The end of ‘iPhone’ | WIRED

If Apple drops the “i,” this is unlikely to be the company’s most significant change. Segall pointed out that the company is used to overhauls, and he believes Apple CEO Tim Cook won’t lose any sleep over dropping the Jobs-era prefix. Apple did not respond to a request for comment on this article.

“Apple has done some incredibly bold, rash and risky things in the past,” Segall said. “Every time they change processors or switch operating systems, the experts say, ‘Oh my gosh, are you serious? Are you going to rebuild the operating system or are you going to move to a completely new hardware platform?’ But Apple did it.”

He admits that Apple today is much bigger than it was in Jobs’s day – with more cash and more jobs – and that Apple may therefore be more risk-averse. However, they still want to be known as an innovator, and sticking to a product name solely for brand equity reasons is not the Apple way.

Think differently,” ran Apple’s legendary 1997 Emmy-winning ad, a campaign created by Segall. He wrote the copy for a 60-second television commercial that brought together some of the pre-Apple geniuses—from Albert Einstein, Thomas Edison, and Martin Luther King Jr. to Mahatma Gandhi, Amelia Earhart, and other “misfits, rebels, and troublemakers”—flag that “the people who are crazy enough to think they can change the world are the ones who do.” .

The campaign went smoothly; Apple had no new products to sell, and as Jobs often told people at the time and afterward, the company was only 90 days away from bankruptcy, his return to the company he co-founded in 1976 was a significant risk for investors.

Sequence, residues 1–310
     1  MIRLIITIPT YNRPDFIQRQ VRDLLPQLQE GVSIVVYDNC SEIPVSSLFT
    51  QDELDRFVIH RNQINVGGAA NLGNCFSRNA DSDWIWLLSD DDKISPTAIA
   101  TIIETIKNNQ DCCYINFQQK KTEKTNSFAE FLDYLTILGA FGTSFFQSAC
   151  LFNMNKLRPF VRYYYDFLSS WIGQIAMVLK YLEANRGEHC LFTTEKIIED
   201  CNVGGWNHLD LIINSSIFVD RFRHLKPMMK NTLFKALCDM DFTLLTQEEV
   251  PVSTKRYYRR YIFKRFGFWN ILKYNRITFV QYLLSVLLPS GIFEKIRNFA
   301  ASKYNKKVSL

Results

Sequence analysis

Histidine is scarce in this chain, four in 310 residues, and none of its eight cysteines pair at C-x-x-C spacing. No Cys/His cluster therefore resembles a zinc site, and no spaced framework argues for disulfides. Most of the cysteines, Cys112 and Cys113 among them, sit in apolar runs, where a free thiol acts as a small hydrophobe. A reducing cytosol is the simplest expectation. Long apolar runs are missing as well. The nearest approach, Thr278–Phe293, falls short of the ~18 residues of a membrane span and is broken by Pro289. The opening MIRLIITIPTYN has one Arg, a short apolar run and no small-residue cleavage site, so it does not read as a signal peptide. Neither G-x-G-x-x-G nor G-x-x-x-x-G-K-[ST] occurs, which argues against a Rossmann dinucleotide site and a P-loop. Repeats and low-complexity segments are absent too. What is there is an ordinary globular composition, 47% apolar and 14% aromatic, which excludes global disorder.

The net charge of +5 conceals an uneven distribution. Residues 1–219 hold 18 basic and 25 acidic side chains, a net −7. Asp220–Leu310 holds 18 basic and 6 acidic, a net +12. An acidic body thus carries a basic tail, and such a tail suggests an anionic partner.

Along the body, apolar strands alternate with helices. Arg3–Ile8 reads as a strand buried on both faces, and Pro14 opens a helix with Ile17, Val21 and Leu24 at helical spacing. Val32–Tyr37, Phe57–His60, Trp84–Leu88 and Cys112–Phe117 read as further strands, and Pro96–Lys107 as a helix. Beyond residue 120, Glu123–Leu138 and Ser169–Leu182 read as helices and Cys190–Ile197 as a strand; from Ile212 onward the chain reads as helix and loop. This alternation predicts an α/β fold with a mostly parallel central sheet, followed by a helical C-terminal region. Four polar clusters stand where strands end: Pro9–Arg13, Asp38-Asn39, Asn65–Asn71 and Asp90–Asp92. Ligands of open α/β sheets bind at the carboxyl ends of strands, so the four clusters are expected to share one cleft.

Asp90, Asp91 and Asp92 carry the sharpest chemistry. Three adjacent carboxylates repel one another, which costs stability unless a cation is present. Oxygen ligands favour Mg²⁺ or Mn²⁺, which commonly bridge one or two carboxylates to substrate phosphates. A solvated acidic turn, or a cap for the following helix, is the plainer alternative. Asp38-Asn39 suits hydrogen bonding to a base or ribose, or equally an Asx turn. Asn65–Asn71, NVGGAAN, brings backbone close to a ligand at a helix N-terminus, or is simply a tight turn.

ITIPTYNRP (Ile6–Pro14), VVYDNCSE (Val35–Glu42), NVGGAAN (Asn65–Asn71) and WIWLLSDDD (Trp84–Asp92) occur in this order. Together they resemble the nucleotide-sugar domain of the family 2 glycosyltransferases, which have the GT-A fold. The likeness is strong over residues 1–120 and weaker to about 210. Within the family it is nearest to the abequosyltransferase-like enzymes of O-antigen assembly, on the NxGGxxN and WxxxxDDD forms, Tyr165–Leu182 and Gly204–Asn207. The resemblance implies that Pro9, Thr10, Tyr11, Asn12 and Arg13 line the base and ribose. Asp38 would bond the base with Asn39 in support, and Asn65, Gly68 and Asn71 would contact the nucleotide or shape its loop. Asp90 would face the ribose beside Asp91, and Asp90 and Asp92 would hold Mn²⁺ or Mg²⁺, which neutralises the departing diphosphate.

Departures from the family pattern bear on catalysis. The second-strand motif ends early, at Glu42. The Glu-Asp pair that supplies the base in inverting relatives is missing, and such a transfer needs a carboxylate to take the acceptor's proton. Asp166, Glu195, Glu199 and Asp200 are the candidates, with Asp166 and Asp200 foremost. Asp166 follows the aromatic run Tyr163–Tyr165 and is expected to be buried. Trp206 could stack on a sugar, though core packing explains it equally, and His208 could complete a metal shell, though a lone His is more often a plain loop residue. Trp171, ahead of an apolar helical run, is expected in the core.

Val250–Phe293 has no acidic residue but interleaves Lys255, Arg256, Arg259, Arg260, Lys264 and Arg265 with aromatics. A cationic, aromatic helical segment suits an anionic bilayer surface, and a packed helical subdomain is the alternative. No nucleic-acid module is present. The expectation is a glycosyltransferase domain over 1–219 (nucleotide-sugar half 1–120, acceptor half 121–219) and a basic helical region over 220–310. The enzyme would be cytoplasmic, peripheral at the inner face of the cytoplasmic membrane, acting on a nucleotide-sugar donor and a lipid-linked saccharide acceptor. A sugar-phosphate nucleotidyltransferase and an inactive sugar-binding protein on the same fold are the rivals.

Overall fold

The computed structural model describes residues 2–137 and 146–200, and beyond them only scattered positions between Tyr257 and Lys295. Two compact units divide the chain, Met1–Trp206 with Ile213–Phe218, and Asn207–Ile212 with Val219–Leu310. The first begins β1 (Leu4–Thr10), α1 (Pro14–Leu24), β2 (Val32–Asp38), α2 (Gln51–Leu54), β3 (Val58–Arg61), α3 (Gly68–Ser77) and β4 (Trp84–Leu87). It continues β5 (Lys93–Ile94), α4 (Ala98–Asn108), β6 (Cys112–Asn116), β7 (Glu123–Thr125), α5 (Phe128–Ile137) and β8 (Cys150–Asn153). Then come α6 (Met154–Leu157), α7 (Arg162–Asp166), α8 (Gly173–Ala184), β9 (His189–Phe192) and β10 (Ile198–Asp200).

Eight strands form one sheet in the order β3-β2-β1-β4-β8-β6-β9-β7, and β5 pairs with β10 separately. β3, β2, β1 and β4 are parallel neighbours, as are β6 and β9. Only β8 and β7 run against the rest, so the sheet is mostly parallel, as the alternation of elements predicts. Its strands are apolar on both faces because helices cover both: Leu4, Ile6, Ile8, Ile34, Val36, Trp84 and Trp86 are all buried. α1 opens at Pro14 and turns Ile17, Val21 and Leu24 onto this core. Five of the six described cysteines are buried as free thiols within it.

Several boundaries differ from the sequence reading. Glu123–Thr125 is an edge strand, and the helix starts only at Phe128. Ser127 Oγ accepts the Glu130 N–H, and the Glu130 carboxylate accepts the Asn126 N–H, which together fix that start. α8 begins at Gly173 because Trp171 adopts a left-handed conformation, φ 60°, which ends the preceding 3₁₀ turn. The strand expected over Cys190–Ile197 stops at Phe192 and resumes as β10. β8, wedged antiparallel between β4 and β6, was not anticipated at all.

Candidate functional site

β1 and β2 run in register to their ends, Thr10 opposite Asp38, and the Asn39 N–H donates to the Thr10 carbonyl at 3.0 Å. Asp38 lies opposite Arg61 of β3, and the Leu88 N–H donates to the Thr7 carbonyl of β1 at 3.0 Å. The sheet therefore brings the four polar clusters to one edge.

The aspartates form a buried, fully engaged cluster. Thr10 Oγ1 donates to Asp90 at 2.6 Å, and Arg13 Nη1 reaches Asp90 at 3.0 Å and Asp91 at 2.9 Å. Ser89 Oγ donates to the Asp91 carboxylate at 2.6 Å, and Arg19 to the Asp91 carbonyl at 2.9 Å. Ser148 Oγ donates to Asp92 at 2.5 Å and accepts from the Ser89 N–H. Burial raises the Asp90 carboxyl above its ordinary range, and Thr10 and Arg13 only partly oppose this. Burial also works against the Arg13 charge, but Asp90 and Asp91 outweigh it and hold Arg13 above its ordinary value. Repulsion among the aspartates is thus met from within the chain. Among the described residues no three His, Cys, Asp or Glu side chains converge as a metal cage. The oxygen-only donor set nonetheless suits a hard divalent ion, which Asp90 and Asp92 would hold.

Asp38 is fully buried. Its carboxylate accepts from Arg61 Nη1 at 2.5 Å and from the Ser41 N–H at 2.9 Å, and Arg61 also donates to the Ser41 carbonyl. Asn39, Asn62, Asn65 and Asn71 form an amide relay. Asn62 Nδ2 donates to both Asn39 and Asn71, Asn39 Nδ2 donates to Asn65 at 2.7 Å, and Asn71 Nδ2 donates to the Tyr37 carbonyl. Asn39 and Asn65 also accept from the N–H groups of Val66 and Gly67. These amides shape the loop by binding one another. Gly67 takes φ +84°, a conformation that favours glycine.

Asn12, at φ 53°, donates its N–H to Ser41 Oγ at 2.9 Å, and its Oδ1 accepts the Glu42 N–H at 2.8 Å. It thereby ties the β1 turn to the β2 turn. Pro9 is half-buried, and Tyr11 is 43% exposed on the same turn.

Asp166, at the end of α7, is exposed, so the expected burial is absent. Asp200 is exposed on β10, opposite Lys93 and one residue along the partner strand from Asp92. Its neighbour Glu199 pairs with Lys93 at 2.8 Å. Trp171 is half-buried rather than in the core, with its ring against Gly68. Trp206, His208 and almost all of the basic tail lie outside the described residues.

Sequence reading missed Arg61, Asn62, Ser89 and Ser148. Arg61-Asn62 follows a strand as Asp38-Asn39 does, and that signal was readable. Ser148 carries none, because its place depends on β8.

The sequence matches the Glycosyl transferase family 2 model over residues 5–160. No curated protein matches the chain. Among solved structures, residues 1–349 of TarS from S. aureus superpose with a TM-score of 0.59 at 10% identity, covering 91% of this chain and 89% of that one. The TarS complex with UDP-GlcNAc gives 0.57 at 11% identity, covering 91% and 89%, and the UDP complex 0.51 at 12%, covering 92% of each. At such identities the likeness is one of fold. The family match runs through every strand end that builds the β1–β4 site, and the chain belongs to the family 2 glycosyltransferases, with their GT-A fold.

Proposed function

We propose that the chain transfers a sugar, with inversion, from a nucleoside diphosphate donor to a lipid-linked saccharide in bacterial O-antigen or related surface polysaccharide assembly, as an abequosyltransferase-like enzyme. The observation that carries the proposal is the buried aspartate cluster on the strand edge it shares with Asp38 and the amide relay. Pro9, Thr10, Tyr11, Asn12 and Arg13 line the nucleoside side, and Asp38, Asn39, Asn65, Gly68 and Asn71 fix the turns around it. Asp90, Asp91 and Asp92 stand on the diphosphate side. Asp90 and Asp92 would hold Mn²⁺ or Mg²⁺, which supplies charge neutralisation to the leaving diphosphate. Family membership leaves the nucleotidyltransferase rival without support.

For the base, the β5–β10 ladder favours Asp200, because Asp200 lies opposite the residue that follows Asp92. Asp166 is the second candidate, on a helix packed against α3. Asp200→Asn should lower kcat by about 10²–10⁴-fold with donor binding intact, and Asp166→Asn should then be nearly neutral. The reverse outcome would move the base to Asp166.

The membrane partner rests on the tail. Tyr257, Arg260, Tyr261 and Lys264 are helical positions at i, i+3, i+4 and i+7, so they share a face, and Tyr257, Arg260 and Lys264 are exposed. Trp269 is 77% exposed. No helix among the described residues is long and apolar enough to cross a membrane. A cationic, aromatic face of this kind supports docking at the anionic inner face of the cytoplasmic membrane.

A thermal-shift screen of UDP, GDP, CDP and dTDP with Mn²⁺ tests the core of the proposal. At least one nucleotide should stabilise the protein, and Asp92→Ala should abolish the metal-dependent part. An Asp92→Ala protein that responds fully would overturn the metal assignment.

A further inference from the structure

MacMan iMac

Steve Jobs and the iMac

Just a few weeks before launch, the original iMac still didn’t have an official name.

Photo: JOHN G. MABANGLO/Getty Images

The Think Different campaign improved Apple’s brand perception, but it wasn’t until the launch—and huge sales—of the iMac in 1998 that the company’s bottom line turned around. This “Bondi Blue” was make or break for Apple, and Jobs made no secret of this fact from his outside advertising agency, TBWA\Chiat\Day.

Originally codenamed C1, this relatively inexpensive, consumer-oriented computer was marketed as a machine that could easily connect to the Internet – a task that is now common but very difficult. a rarity in the 1990s. The iMac was bright, fun, easy to use, and wildly successful, putting Apple on a path to becoming the world’s richest company by 2011. (Earlier this year, Apple has overcome because Microsoft is the largest global company by market capitalization.)

Weeks since its launch, the original iMac still doesn’t have an official name. Apple’s internal product and marketing teams toyed with “Rocket Mac,” “EveryMac,” and “Maxter” before favoring “MacMan,” an introduction to the Walkman, the influential portable music player and best-selling produced and marketed by Sony since 1979.

“[Jobs] liked that the MacMan sounded like the Walkman, the most famous and profitable electronic device in the world at the time,” Segall said.

“He is very happy with the association. He gave a speech to the marketing team, saying that Sony was such a successful consumer electronics company that one day Apple might want to be like that, and if we had any trouble getting along Cooperate with MacMan, he’ll be fine with that. ” Segall agrees that it wasn’t Jobs’s “different thinking.”

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